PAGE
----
Curling became popular in Eastern Canada in the early nineteenth century and as the West opened up, the game found a natural home – long cold winters and idle time for prairie farmers. Clubs were formed in Winnipeg, Calgary and other western cites in the 1880s.
The game became popular in the Okanagan at the turn of the century. The first recorded game was played on the Spallumcheen River in Enderby in 1893, the same year that a private rink was built beside the Vernon Hotel. The Vernon Curling Club was formed in 1908 and the club hosted the Okanagan’s first valley-wide bonspiel in 1909. In 1912 the Vernon Curling Club built a modern facility in Polson Park featuring six sheets of natural ice. Artificial ice was not introduced in Vernon until 1938.
This 1918 photo was taken of local curlers on Long (Kalamalka) Lake in front of the Rainsford Ranch owned by George Goulding. The curlers1 have not been identified. It is difficult to determine from this photograph how organized the sport was in Oyama. The stones are standardized, undoubtedly imported from the Isle of Ailsa Craig in Scotland, the source of virtually all curling stones to this day.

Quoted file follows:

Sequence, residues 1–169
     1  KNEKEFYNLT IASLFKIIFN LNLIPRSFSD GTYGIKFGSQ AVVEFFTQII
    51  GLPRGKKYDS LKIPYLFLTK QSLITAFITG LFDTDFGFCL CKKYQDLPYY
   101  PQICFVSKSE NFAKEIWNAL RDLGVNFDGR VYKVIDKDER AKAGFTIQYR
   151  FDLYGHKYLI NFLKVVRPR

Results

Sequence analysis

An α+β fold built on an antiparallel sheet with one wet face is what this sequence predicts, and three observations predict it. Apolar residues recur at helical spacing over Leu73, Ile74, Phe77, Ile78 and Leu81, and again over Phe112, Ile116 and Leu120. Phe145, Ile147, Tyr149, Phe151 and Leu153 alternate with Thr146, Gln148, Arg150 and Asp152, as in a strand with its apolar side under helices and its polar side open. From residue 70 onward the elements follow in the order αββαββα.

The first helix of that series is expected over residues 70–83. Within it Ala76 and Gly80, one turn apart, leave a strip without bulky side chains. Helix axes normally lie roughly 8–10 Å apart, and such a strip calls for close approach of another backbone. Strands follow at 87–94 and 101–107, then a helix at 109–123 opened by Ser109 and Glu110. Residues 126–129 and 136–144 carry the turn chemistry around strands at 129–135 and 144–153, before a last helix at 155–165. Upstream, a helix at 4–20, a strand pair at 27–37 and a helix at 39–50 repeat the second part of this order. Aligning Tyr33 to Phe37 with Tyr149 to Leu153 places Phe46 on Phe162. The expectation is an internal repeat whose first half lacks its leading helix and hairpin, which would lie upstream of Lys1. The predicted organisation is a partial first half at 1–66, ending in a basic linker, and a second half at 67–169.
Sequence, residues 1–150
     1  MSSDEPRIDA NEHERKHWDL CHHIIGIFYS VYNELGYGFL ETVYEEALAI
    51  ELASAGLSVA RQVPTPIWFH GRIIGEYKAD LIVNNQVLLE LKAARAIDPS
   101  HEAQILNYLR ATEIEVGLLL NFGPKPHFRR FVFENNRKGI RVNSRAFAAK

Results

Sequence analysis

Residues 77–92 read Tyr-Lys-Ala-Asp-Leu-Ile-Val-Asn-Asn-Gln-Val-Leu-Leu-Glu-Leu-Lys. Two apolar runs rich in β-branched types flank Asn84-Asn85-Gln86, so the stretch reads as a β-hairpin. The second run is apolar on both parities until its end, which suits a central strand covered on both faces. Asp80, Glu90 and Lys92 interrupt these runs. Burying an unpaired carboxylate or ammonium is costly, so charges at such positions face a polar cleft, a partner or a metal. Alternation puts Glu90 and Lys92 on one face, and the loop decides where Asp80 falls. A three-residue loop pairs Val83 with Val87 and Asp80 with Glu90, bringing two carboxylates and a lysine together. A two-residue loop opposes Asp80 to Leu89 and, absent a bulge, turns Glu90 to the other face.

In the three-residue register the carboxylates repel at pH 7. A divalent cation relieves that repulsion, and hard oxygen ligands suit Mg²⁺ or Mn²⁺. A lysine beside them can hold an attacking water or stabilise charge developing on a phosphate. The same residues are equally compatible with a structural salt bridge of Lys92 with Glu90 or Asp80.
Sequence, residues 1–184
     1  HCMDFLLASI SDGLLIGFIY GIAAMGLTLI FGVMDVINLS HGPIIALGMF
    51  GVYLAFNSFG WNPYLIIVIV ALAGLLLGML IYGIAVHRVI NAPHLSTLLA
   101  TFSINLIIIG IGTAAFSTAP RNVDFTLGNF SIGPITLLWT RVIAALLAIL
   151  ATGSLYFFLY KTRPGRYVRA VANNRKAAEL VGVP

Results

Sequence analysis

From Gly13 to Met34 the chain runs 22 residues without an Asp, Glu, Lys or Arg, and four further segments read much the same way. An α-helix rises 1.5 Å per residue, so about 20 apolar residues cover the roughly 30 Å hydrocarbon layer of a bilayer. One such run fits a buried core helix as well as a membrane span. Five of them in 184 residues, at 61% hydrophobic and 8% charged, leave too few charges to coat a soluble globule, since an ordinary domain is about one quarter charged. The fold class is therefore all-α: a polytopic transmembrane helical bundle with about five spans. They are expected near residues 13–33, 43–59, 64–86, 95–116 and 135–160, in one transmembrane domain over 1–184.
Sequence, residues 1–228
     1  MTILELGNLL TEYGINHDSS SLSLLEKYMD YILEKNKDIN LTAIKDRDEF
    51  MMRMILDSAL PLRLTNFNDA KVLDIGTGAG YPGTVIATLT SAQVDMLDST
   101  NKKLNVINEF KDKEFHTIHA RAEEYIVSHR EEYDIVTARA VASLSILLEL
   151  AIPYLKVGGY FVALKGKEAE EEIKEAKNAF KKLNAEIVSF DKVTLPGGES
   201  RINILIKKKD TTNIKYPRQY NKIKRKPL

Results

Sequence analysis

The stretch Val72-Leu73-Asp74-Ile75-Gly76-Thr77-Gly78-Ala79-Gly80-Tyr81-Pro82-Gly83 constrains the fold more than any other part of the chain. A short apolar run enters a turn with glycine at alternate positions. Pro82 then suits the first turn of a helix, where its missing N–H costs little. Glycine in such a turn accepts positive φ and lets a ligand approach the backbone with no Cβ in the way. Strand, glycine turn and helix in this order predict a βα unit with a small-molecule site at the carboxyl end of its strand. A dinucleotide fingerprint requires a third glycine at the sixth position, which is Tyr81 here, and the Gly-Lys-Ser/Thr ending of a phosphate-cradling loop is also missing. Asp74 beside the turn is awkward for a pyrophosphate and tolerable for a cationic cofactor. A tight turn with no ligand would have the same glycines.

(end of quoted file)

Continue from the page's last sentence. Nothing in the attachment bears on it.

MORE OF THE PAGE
Other than that evidence of professionalism, the photograph captures a very informal gathering. The curlers’ clothing and footwear were not uniform, the brooms2 appear to be of the regular household variety, the curlers are not supported by any onlookers and there is no evidence of them having marked off a curling sheet on the ice. Perhaps they were just practising for the upcoming bonspiel in Vernon.
** If anyone can identify these curlers we would be pleased to hear from you.
1 February 12, 2016: These curlers have now been identified by Liz Ellison and Ken Ellison of the The Greater Vernon Museum & Archives. They are, left to right: Walter Rea,Henry Irvine, Charlie Moore and Rev. A. V. (Arthur Vandeleur) Despard.
2 Oyama pioneer Arnold Trewhitt remembers that these brooms were actual curling brooms, not the household variety of brooms.